A Watered Down Insider Trade Bill Heads to the President’s Desk
Thomas J. Spulak, Claudia A. Hrvatin
In the February 17th edition of Washington Insight, we reported that the House and Senate had passed separate versions of legislation intended to prohibit Members of Congress and their staff from using non-public information obtained as a result of their position or during the performance of their duties for personal financial benefit. The President had called for congressional action in this regard during the State of the Union after several news accounts aired on the issue.
On March 22nd, the Senate agreed to the House version of the legislation, called the Stop Trading on Congressional Knowledge Act of 2012 or STOCK Act, and it now awaits the President’s signature. The legislation reaffirms the application of insider trading laws to government officials, requires the reporting of certain trading transactions, prohibits officials from participating in initial public offerings, and sets forth stiff penalties for violations of the Act.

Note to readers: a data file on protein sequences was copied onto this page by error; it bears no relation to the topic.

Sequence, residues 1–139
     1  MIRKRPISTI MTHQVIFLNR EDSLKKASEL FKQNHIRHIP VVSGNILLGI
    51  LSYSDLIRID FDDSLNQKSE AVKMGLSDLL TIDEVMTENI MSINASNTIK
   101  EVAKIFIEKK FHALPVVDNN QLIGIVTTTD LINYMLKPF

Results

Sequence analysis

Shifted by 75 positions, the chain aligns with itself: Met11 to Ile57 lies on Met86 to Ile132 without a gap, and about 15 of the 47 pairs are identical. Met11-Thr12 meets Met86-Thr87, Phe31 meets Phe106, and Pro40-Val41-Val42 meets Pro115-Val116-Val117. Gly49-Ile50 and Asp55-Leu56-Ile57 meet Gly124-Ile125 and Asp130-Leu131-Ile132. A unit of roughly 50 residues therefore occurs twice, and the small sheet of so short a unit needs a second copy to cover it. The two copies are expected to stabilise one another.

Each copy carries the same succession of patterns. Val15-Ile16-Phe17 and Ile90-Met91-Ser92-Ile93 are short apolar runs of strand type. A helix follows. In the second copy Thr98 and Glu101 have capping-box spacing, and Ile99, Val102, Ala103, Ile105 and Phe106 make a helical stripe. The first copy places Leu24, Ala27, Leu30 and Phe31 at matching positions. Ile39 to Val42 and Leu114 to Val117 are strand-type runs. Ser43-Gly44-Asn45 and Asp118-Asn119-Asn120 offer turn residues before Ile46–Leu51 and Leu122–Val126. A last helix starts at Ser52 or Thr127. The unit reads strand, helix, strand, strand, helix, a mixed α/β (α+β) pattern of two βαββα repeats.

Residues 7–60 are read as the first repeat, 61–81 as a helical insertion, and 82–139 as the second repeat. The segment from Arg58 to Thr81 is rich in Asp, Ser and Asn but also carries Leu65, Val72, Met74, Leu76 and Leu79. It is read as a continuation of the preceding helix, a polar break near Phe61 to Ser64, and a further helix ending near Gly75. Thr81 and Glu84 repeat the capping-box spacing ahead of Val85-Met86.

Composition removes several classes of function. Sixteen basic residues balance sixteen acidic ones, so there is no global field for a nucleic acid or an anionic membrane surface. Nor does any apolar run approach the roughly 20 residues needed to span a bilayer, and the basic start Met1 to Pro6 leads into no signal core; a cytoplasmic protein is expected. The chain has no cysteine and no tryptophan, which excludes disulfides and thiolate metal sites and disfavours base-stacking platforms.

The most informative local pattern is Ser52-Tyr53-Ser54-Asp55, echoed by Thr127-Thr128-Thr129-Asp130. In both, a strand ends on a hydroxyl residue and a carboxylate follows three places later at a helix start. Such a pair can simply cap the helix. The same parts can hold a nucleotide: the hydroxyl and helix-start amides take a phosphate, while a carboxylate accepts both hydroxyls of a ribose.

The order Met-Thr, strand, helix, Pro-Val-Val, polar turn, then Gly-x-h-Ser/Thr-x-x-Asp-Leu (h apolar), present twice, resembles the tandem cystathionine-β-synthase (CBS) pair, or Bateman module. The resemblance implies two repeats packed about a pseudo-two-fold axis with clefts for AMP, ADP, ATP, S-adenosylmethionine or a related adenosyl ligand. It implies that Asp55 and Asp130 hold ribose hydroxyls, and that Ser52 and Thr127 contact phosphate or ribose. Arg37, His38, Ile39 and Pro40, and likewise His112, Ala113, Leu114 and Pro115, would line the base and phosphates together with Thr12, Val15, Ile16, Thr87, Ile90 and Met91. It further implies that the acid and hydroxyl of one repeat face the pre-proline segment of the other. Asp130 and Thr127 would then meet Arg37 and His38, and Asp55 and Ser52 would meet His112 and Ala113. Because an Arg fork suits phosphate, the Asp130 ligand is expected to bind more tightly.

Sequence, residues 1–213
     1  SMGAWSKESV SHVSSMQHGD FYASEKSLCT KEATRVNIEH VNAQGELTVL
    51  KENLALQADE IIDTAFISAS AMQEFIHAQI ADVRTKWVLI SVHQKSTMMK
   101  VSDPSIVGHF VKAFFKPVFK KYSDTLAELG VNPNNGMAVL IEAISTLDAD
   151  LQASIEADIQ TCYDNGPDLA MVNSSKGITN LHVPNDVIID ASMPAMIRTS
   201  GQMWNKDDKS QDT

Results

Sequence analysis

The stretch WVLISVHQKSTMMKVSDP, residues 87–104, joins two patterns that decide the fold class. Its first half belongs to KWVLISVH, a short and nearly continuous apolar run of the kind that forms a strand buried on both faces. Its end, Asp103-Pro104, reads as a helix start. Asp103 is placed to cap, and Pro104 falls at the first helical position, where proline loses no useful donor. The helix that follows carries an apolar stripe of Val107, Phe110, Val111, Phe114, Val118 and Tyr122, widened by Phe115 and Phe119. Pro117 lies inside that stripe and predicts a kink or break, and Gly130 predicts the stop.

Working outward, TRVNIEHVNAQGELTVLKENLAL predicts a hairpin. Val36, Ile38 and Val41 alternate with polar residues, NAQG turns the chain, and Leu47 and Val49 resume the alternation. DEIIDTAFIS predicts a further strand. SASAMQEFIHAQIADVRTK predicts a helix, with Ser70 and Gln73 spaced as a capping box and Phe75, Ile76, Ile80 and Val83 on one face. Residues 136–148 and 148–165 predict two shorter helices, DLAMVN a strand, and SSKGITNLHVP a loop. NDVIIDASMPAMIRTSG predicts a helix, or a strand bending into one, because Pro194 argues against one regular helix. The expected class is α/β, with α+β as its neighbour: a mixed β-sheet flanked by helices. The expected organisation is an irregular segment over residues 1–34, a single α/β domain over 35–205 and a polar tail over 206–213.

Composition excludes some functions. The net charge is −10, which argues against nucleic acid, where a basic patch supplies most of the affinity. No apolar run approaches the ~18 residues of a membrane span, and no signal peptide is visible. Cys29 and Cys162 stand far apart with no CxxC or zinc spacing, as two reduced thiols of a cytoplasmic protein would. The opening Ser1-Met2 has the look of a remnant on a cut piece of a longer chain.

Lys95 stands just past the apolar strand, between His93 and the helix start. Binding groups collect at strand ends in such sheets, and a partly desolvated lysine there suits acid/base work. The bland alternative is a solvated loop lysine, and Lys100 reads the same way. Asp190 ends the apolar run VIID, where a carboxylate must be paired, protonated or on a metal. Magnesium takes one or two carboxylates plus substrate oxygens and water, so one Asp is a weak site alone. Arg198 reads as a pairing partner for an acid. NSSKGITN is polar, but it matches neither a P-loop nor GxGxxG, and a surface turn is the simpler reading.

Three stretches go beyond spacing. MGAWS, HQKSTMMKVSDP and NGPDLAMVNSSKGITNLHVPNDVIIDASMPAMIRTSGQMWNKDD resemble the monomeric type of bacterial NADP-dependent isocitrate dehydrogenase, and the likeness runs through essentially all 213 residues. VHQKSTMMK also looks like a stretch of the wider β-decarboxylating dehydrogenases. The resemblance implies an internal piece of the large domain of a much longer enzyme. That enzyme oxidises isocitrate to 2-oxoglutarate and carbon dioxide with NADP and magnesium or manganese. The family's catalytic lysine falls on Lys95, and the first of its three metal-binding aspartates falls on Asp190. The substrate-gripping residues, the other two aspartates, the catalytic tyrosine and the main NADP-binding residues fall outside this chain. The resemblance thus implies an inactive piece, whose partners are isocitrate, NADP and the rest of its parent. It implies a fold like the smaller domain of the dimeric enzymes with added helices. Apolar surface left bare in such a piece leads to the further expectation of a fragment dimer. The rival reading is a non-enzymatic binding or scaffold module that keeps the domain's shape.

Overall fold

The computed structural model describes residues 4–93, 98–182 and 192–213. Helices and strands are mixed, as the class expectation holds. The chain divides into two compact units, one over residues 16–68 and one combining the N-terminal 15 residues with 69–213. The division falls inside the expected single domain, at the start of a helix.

Of particular importance, the Senate version of the STOCK Act sought to require the registration and reporting of “political intelligence consultants” - individuals seeking information for use in analyzing securities or commodities markets, or in informing investment decisions. The House struck that provision; all that remains in the current legislation is a requirement that a study be conducted by the Comptroller General of the United States and the Congressional Research Service on the practices and impact of the political information industry.
In addition, it is important to note that the STOCK Act applies to the Executive and Judicial branches as well as the Legislative Branch--including the President and Vice President. The President’s original plea was not so broad, but it is likely that the expansion of its applicability strengthened the STOCK Act’s appeal.
The compromise that is before the President is viewed by some as falling short of what is needed to curb the excesses of the financial intelligence industry. Nevertheless, Congress has taken this first step to address its standing with the American public.